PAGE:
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4 Steps To Creating Learner Personas



Creating Learning That Resonates

“Design for your learner” has been a popular mantra in the L&D world and learner personas have been at the center of this concept. By taking a leaf from marketing’s playbook and adopting personas to combat generalizations and stereotypes, user-centric learning has leaped to new levels. Organizations who have adopted this marketing-aligned method in creating personalized learning tend to see better learning engagement, improved learner responsibility and evolving growth mindsets in their employees.

Marketers have been employing customer-centered strategies in creating ads to specifically target segments of their audience. One of these involves using buyer personas that are prototypical representations of segments of their audience to create relatable ads that are more likely to incite action on the customers’ end. The L&D equivalent of this is a learner persona.

Steps To Creating Learner Personas

Effective learning strategies do not stereotype learners, they employ learner personas to focus on targeting instead. This involves taking your learners’ demographics, education and skill level, motivations, needs, goals, learning habits, online habits, etc., into consideration when designing instructional material.

If you are looking to move away from mediocre content toward more outstanding learning content, learner personas might be just what you need. Follow these steps to get you started:

1. Gather Information About The Learner Personas

The first step in developing a learner persona is gathering information about specific learners. The final learner persona will reflect a hypothetical archetype, rather than someone in reality. The information the persona is based on, however, should come from extensive interviews with sample audience members and supervisors, conducted by subject level experts.

The interview should ask the learner questions about:

  • Basic demographics including age, family, and where they live
  • A typical day for them, particularly related to the relevant eLearning course
  • The circumstances of their work environment including frustrations, relationships, and skill level
  • Their needs

Observing learners’ behavior patterns and creating fitting learner personas give us a more in-depth perspective on unique learning needs that we can use in tailoring instruction to achieve proficiency in training. Demographics, education, employment and skill levels, online “watering holes,” goals, and motivations are just some of the traits you need to consider in creating learner personas.

2. Analyze Information

After conducting interviews and collecting information, it’s important to analyze the information with your audience members and supervisors. Analyzing the information should yield a selection of archetypal personas with similar characteristics, behaviors, and needs.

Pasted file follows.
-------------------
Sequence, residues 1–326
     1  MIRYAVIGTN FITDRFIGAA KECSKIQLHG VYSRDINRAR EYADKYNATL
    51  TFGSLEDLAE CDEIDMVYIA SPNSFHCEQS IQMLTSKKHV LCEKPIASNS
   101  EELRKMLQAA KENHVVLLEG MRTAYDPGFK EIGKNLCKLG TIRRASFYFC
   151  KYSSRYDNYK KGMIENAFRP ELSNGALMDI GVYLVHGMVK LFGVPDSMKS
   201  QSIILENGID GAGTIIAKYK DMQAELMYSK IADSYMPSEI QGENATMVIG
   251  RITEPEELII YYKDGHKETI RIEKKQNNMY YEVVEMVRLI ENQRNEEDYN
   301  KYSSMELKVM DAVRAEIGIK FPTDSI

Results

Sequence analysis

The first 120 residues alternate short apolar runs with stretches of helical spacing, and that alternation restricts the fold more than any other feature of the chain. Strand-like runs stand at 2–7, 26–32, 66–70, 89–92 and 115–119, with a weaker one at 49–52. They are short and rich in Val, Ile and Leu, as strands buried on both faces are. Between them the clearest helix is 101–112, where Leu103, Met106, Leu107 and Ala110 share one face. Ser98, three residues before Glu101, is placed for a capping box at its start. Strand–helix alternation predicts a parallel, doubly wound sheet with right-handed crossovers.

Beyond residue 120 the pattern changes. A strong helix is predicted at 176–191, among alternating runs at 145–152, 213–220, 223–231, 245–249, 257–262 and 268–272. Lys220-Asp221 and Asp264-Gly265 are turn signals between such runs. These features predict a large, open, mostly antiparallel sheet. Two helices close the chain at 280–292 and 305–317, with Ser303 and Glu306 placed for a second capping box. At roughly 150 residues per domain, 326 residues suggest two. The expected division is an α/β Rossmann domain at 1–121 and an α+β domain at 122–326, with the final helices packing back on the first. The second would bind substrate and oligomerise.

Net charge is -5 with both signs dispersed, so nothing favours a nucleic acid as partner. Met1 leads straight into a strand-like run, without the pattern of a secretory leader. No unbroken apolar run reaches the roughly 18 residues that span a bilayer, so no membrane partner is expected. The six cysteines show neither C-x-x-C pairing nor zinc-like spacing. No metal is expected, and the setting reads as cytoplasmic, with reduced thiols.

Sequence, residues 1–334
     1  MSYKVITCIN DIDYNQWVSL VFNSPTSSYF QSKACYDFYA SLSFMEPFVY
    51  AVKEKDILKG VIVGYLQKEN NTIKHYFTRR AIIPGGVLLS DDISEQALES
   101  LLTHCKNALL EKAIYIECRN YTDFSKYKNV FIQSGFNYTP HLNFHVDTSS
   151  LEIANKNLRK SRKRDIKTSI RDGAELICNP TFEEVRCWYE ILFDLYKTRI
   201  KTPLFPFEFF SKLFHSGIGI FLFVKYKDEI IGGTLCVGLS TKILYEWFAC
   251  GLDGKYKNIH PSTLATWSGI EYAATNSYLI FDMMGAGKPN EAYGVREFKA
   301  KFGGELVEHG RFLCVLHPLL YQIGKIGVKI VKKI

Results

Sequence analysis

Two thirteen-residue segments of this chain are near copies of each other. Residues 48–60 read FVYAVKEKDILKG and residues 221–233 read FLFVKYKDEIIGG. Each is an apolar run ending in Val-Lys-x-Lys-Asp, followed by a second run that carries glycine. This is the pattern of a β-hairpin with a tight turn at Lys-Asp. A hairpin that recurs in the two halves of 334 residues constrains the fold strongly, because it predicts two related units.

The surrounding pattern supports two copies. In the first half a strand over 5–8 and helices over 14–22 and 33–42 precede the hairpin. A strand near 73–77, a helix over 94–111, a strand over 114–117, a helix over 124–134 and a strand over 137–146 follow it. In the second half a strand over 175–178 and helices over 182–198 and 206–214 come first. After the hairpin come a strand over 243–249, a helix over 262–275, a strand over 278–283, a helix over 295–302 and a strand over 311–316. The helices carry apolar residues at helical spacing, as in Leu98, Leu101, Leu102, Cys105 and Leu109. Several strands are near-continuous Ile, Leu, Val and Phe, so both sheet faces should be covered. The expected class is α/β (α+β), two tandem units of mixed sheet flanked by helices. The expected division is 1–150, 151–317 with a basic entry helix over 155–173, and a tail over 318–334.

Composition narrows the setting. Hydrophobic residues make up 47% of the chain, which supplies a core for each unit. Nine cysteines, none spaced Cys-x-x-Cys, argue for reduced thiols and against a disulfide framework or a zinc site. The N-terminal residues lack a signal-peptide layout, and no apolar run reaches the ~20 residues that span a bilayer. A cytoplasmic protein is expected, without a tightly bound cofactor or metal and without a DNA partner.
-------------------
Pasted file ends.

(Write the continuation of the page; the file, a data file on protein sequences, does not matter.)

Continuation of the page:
In the marketing world, we typically have several personas to reflect the different market segments. However, your information will have trends showing a primary learner persona, along with one or two secondary personas.

3. Write The Learner Personas

Once you’ve gathered and analyzed the information, your next step is to convert it into a more concise format that’s useful to your team.

Learner personas are often shown to a team through presentation slides or printed and posted on a wall in the workplace for ongoing reference. When you create your personas, search for images that capture their essence and help you think of the real learners represented by the personas. Our company used a mannequin that felt omnipresent and was useful to infuse our learning with the persona’s perspective.

A persona should include:

  • Behavior patterns
  • Goals, both long-term and short-term
  •  Needs
  • Attitudes, beliefs, and opinions
  • Skills
  • Context and background information about those areas of the persona’s life

4. Implement The Learner Personas

Having the full-sized mannequins in the office really helped our team remember the learner. When making decisions, the learner persona should be in everyone’s mind. The persona should come into every conversation about course design as a member of the design team.

For example:

  • What does Ava already know about this topic?
  • What design elements will help Ava be successful in the course? In her life?
  • Does Ava care about the training?
  • Will she understand the jargon used?

Conclusion

By using learner personas, you can ensure that your learner engages with your content and feels heard and understood. Using them on a day-to-day basis will also ensure that your team stays on the same page with Instructional Design, producing high-value content beneficial to your learner, and simultaneously ensuring better outcomes for both learners and instructors.

Originally published at www.beyondthesky.ca.



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